This should really come as no surprise, since throughout these much-loved and perennially popular works of fiction, close friendships abound. These are the intimate best friends of childhood, student days, romance, hard times or even a lifetime. They are entirely different from the social media networks of the twenty-first century; often it is just one companion who supports the hero or heroine on their journey through life’s troubles and triumphs.
 
‘I’ll come with you’, or variations to this effect, was the line which first inspired me to think about the role of friends in our favourite books. For me it captures the essence of friendship in times of overwhelming difficulties. It acknowledges that a friend can’t solve things, can’t always even give advice, but they can be present, and that in itself is invaluable. In various ways, Celia says it to Rosalind when she is suddenly evicted from her home; Sam says it to Frodo as he sets out for Mordor and what seems like certain death; Hermione says it to Harry, on many occasions, when all other arguments have failed; Tom says it to Huck when he reveals his fateful plan to hide out in a graveyard; Ratty says it to Mole when he is overcome by homesickness for his beloved burrow. Further back in time, Pylades, defenceless against the gods, nevertheless accompanies his friend Orestes on his terrible journey of vengeance, and in the Book of Ruth, Ruth insists on going with her mother-in-law Naomi to Bethlehem, whatever fate awaits her there.
 
Such valued companionship extends, of course, to happier times, and other life-changing events, including lending an ear when the hero or heroine has fallen in love. Many writers across the ages have had fun with this theme, creating long-suffering friends to become valued confidantes and comforters: Pandarus takes on this role in Chaucer’s Troilus and Criseyde; Juliet’s nurse and cousin Celia are among several examples in Shakespeare. On the darker side of romance, several friendships are tested to the limit when both fall in love with the same person: Jane Austen’s Emma grapples with this unhappy situation, as do Maggie and Lucy in The Mill on the Floss and Lina and Elena in Ferrante’s Neapolitan novels.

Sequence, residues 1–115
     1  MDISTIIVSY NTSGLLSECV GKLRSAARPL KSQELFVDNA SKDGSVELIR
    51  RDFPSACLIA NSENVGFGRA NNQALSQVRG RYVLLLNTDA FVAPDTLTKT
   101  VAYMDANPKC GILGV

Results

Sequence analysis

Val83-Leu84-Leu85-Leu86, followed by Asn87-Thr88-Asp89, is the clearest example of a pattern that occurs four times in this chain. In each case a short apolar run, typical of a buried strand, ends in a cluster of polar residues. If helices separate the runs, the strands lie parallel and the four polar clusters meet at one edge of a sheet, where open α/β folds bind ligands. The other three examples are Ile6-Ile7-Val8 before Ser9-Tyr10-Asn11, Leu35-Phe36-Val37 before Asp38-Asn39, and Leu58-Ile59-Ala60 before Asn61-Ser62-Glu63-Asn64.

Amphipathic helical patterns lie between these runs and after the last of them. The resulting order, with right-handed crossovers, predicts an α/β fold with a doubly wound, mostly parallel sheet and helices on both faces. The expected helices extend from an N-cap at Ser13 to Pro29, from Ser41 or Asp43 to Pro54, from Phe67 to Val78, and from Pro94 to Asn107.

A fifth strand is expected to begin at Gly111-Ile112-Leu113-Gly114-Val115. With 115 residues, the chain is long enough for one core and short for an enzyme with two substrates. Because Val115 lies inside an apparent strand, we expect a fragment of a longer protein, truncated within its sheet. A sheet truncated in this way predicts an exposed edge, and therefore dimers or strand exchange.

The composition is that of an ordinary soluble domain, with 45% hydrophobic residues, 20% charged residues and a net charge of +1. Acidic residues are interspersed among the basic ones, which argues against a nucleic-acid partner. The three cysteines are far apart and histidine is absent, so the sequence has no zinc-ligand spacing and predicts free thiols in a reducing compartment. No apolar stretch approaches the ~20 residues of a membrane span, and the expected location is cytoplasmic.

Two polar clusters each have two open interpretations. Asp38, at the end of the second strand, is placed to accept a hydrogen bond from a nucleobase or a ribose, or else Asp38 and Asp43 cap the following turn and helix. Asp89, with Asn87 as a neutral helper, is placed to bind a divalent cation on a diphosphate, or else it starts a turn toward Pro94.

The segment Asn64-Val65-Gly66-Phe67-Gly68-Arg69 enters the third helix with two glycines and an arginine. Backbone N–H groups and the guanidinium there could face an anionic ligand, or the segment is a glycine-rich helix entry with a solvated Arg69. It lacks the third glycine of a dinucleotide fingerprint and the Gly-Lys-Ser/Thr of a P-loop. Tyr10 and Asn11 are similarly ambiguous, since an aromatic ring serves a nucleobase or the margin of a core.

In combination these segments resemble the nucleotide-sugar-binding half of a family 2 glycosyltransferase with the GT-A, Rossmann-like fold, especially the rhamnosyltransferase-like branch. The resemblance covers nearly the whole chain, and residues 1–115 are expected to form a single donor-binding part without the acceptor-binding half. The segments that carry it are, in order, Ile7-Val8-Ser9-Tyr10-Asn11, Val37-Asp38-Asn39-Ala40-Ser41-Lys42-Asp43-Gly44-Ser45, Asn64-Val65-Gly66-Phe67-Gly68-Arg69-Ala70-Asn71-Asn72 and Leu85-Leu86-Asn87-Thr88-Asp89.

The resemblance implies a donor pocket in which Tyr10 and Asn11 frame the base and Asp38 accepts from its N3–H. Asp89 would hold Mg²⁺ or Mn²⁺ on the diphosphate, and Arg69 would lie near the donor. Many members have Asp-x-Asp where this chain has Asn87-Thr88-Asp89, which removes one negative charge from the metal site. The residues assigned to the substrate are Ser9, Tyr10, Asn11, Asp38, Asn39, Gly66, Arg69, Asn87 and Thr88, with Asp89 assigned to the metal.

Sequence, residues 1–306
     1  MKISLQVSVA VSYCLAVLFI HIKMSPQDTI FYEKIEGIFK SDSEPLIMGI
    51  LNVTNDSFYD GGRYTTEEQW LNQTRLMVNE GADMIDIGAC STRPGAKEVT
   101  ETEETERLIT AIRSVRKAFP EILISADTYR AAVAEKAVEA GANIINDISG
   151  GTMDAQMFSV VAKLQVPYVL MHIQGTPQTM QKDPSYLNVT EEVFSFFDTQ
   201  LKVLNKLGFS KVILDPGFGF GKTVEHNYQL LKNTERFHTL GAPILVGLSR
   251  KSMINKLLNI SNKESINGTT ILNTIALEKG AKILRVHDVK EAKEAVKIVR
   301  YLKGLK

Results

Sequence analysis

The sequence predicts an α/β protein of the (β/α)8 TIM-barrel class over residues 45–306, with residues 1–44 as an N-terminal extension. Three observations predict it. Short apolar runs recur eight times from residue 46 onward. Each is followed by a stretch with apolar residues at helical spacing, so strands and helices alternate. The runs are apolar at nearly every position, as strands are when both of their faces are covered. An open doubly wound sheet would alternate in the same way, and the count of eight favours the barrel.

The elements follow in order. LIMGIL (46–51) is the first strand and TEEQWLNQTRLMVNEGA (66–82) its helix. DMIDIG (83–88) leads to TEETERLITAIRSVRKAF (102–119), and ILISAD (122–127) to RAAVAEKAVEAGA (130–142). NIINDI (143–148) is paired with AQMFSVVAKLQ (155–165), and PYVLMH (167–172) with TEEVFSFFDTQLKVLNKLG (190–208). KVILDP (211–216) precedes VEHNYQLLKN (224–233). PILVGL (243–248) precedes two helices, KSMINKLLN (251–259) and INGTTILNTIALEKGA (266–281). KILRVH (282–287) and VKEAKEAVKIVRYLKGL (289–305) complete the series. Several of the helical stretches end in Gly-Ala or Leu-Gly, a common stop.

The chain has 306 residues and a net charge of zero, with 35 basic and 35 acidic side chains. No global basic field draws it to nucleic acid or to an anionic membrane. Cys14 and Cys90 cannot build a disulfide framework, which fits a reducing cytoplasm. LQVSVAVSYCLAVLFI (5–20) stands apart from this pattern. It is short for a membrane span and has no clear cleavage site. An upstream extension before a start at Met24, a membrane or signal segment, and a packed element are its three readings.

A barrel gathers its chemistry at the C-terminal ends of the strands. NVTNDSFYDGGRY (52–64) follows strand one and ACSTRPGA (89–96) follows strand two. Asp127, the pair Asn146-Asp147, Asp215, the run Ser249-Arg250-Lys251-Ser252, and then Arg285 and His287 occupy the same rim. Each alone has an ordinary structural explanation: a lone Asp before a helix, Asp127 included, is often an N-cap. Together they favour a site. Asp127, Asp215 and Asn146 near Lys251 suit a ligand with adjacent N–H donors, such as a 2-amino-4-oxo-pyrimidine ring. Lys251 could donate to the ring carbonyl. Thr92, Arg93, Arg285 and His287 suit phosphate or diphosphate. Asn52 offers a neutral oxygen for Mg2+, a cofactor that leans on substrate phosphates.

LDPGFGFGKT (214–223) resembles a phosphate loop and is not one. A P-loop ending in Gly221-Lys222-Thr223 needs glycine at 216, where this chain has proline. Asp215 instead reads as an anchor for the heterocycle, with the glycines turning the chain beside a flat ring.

Once the seduction is over, however, it has to be said that literary friendships often falter in the face of marriage. Arthur Conan Doyle rashly has Watson propose to Mary Morstan in The Sign of Four and then spills much ink finding excuses for her absence until he eventually kills her off in time for Holmes’s return.1 Indeed, several of the duos in this book are the happy bachelors of Victorian and Edwardian times – Pip and Herbert, Mole and Ratty – able to have so much more fun than their female counterparts. Anne of Green Gables fears her friendship with Diana will end on the day of Diana’s wedding, and it is true that their intense relationship recedes in the later books. In pre-twentieth-century literature it can be more difficult to find central female friendships that don’t revolve around finding a husband, and male writers of previous centuries tend to see young unmarried women as rivals for male affection. Brilliant though it is, Oscar Wilde’s witty portrayal of Gwendolen and Cecily – who, due to Algernon’s deception, believe themselves engaged to the same man in The Importance of Being Earnest – nevertheless has its roots in this assumption:
Jack: ...Cecily and Gwendolen are perfectly certain to be extremely great friends. I’ll bet you anything you like that half an hour after they have met, they will be calling each other sister.
Algernon: Women only do that when they have called each other a lot of other things first.
But in the twentieth century, writers such as Alice Walker, Toni Morrison and Margaret Atwood embraced the role of the female friend: flawed, controversial, unreliable even, but ultimately free from patriarchal control. And, like her or loathe her, Bridget Jones ushered in a whole new genre of writing on young women and their pals which continues to resonate. Most recently, Candice Carty-Williams acknowledged her as in part an inspiration for her own successful 2019 novel Queenie, which she has described as the ‘black Bridget’.